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Three months ago, before Kevin Spacey was criminally charged in Massachusetts for indecent assault and battery, he was sued by an anonymous massage therapist alleging being forced to grab the actor’s genitals twice during a massage at a private residence in Malibu. On Thursday, Spacey asked that the case be dismissed.
In a court brief, Spacey’s lawyers argue that he will be “severely prejudiced if Plaintiff remains anonymous” and since there’s no allegation of threatened harm, they add “the party more vulnerable to threats and privacy invasion is [Spacey] given his public profile.”
The U.S. Constitution gives the accused the right to know their accusers, at least in the criminal context. Then again, the late U.S. Supreme Court Justice Louis Brandeis once wrote more than a century ago that we all are endowed with “the right to be let alone.”
There’s tension in the law when it comes to privacy — and states throughout the country have handled the ability to proceed anonymously in court differently. California state court has a pretty lax standard (ask Gloria Allred), so it’s no surprise then that after this lawsuit was filed there, Spacey trumpeted how he was now living in Baltimore in order to have the case removed to federal court.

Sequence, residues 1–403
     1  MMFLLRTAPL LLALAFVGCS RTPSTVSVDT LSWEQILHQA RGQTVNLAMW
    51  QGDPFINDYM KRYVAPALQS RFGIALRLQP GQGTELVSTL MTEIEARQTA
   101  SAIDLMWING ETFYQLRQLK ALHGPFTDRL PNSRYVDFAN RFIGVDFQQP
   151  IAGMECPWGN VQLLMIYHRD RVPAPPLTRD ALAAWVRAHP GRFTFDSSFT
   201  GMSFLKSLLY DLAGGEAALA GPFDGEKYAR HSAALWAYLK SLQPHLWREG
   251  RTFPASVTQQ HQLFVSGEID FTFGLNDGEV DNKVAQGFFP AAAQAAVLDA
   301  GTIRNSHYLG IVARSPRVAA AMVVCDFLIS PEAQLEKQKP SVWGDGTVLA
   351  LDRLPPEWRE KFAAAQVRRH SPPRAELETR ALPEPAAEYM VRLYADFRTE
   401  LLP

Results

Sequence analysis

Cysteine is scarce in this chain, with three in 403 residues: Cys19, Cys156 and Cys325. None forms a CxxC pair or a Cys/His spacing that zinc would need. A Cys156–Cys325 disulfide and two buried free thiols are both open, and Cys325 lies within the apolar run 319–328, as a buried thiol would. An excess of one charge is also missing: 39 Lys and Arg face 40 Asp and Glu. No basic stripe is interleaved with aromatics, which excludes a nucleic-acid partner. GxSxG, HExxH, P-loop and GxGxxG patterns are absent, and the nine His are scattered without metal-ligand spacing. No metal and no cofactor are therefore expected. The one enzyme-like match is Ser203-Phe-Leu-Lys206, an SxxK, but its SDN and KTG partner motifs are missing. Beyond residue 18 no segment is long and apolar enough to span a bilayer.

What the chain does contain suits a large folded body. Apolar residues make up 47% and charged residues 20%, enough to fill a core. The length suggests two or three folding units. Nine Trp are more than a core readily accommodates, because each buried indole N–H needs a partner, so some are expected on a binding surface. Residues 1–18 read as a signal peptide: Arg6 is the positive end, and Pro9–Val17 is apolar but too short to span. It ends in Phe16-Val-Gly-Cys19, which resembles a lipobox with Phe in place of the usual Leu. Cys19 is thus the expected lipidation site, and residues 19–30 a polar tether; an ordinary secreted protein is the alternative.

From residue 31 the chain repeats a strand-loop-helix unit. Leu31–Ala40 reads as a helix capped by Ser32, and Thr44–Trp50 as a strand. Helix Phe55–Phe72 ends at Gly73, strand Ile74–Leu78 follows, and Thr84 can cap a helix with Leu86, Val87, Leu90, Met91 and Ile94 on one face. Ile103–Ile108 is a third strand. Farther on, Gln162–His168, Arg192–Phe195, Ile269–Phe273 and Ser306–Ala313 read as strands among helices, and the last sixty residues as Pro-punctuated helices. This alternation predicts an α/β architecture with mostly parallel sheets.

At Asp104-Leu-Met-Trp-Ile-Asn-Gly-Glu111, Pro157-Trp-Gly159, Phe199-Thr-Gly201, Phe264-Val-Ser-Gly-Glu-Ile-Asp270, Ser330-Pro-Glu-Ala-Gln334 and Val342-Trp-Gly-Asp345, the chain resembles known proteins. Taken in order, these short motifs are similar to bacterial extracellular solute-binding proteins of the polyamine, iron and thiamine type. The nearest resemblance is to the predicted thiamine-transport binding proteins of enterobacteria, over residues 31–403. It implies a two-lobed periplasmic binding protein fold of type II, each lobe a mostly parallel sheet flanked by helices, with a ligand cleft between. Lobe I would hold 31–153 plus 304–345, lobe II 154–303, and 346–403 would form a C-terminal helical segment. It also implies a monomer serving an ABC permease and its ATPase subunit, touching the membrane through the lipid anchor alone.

Now that Spacey is defending this case in federal court, his lawyers are telling a judge that use of a pseudonym “violates the longstanding requirement of judicial proceedings being open to the public, and multiple Federal Rules of Civil Procedure, including the requirement that the Complaint identify the names of the parties and that a case be litigated by the real party in interest.”
Of course, this isn’t the first time such an issue has come up.
For example, a few years ago, a woman charged NBA superstar Derrick Rose with rape in a lawsuit, and did so anonymously. That case ended up in federal court, too, with the judge using discretion to allow the plaintiff to proceed anonymously at least during the pretrial proceedings but not the trial itself.
The lawsuit against Spacey will now move to whether his accuser can justify not coming forward. He will have to make a showing that his anonymity outweighs both open judicial proceedings and Spacey’s ability to investigate a defense.
For his part, Spacey says that anonymity “prevents possible unknown third parties with information about Plaintiff and his factual allegations from coming forward with information relevant to Mr. Fowler’s [Spacey’s legal name] defense.”
He’s also waiving off the prospect of any retaliation given that the plaintiff is said not to be a minor.
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